While there might be plenty of misguided stereotypes out there about student life, one that largely reigns true is the fact that our nation’s budding academics don’t have a lot of money to get by on. Sure, life might not be as “rice and beans everyday” as the traditional caricature suggests, but when it comes to disposable income for non-essentials, there’s no doubt students have a few spending decisions to make.
One non-essential that’s actually quite essential in life is insurance, but this can be one area where many students choose to cut back. If you find yourself in this position, choosing what types of insurance you do and don’t need can be a tricky problem to get right, and there’s no one size fits all approach to identifying the right way to go.
It all really depends on your personal circumstances, but when it comes to these three fundamental insurance areas, here are a few things to bear in mind.
Unless you absolutely need a car at university, the financially sound decision is not to drive. Car insurance rates for teens and young adults are easily in the range of £1,000-£2,000, so when it comes to a decision on car insurance, the simple answer is don’t get it unless you need it (or you can comfortably afford it).
However, things aren’t that simple for many, and if you rely on a car to get to your lectures, attend a job or for any other form of essential travel, here are a few things you should do:
- Always shop around – use price comparison sites to find the cheapest possible quote.
- Structure your insurance payment to suit you – if you can pay it off in one annual sum it’ll be cheaper, but you can also use monthly payments to spread the (larger) cost if you have to.
- Add elements to your policy that can lower the cost a named driver, a telematics device, a pay-per-mile deal etc.
- If you can use your parents’ car – they should be able to add you as a named driver at a very minimal cost.
Whether you’re going away on holiday or travelling for an extended period to either see the world or study abroad, travel insurance is a bit more of a no brainer. For your average holiday, an insurance policy can cost just a few pounds a day, making it a rather cheap way of giving you peace of mind while abroad.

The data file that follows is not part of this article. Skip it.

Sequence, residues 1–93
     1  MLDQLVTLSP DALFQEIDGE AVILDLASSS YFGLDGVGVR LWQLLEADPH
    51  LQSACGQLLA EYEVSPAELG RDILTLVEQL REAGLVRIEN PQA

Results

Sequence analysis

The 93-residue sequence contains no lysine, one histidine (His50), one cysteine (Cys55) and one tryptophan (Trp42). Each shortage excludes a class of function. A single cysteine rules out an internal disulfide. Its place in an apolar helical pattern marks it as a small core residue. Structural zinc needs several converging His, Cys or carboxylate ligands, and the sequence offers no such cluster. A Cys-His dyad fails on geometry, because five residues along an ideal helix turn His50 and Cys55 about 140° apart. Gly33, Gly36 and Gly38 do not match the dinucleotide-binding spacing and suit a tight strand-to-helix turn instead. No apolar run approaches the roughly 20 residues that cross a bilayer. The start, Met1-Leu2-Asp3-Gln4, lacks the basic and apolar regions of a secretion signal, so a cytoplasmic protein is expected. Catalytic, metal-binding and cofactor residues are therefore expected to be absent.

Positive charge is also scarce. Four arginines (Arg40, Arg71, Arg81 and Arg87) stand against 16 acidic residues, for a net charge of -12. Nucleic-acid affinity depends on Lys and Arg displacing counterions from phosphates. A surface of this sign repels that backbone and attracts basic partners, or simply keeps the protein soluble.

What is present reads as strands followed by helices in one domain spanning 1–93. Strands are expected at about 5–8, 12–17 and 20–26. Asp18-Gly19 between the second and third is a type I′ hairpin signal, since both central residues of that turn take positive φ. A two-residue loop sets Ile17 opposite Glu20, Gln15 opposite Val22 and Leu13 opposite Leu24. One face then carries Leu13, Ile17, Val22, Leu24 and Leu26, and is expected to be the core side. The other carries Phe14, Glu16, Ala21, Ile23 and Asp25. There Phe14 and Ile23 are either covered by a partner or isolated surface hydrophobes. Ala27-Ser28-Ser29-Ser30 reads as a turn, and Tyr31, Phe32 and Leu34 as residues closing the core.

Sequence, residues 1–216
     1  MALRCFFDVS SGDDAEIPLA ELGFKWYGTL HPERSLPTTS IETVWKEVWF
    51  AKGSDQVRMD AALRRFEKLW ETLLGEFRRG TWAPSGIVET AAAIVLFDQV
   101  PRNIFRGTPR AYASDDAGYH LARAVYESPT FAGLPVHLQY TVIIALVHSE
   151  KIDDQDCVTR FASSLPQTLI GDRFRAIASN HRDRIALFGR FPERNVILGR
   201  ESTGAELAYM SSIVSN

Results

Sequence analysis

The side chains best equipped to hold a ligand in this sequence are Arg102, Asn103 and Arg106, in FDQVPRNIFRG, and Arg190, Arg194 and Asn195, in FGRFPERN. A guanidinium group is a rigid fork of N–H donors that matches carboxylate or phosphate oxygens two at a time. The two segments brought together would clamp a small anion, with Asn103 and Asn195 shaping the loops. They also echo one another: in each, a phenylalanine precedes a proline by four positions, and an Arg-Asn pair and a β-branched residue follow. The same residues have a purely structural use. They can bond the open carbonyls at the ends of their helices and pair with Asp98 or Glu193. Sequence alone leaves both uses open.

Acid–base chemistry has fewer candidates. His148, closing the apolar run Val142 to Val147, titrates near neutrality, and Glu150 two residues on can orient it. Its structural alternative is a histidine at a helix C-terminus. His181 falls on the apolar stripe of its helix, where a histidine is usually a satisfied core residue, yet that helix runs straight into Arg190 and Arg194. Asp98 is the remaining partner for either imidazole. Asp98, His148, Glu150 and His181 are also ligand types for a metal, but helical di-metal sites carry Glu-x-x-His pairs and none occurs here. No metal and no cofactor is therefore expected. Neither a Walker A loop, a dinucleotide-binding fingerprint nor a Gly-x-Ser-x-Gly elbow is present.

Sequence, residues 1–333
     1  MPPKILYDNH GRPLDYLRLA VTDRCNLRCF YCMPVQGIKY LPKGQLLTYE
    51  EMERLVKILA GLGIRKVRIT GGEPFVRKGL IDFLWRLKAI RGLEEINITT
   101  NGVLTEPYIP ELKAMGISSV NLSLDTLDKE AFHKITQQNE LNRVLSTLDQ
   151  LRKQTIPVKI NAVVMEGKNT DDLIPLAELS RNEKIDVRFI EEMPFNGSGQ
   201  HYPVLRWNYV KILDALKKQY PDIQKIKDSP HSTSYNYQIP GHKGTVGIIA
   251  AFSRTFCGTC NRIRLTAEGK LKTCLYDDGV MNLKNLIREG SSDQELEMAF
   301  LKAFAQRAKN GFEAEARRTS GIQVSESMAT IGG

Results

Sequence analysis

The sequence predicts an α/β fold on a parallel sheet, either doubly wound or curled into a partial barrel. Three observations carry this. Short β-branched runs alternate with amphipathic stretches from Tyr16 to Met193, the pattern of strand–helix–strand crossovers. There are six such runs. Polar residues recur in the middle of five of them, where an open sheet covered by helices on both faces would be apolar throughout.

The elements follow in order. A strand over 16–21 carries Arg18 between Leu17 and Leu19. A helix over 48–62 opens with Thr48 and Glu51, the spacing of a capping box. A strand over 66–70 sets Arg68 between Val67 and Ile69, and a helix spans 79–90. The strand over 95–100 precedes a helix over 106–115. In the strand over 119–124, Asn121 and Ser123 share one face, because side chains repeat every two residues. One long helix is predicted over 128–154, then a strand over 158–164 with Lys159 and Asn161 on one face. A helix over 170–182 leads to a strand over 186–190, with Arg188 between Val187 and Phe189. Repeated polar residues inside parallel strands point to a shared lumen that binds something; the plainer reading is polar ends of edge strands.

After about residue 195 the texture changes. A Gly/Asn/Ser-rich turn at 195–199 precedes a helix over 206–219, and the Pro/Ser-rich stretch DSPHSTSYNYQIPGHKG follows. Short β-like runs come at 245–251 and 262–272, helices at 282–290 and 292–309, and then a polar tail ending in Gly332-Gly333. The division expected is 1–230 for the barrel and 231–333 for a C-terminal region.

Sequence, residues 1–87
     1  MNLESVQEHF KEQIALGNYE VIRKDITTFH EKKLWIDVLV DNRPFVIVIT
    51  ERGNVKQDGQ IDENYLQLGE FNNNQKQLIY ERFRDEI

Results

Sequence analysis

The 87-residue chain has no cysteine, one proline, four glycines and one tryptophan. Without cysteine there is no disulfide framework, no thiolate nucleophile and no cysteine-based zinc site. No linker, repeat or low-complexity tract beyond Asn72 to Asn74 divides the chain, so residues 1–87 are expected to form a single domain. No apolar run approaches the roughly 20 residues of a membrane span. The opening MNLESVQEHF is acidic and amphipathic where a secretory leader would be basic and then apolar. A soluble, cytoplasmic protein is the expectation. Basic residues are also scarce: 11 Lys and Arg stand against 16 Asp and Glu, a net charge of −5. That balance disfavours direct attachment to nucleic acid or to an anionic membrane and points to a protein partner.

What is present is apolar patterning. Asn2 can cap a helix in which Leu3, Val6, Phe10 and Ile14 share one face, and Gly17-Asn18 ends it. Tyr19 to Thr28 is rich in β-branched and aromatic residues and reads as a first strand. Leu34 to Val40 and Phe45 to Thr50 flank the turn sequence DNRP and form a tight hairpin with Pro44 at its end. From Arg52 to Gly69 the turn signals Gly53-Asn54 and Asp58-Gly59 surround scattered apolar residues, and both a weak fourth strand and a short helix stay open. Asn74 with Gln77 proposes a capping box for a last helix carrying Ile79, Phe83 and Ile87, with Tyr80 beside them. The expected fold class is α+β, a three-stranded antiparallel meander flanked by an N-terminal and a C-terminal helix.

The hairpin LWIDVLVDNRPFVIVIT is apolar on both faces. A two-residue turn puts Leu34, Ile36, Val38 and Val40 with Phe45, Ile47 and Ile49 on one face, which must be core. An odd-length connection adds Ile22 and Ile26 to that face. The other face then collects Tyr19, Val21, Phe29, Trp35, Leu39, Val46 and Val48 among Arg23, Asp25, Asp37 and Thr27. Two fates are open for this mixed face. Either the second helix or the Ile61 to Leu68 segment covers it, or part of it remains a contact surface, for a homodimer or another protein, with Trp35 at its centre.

If you’re studying away for a year, it’s a slightly different kettle of fish but still one that is largely financially accessible. For international students, European and global travel can start at under £1 a day, which is almost certainly worth it given how long you’ll be away and the number of hiccups, albeit unlikely, that can potentially happen along the way.
As a side note, in most cases, it’s also usually mandatory for international students to protect themselves.
Shared accommodations with lots of unsecured rooms packed with possessions can be an easy target for thieves. Alongside that, student life tends to come with many opportunities for a dropped laptop, a broken phone or damage to any other pricey gadget you own. As such, it makes sense to protect them.
These days, mobile phone insurance is more or less a must have, what with you carrying your phone with you everywhere you go. Likewise, it’s tough to argue against laptop, tablet or any other key gadget insurance when those items are both expensive and potentially vital to your studies and general life.
Expect to pay somewhere in the region of £10 monthly for your phone. If you want to tie everything in all together, you can also look into home or contents insurance, which will cover all your major belongings against loss or damage.
When you’re thinking of how best to spend your weekly or monthly budget, insurance might not be the most exciting thing that springs to mind, but in many cases it should be considered an essential. When planning your spending, take a moment o consider your circumstances, what’s most valuable to you and weigh up whether you can afford not to insure it. If the answer is no, then unfortunately you’re best up coughing up a little money now to save you from a bigger spend later on.
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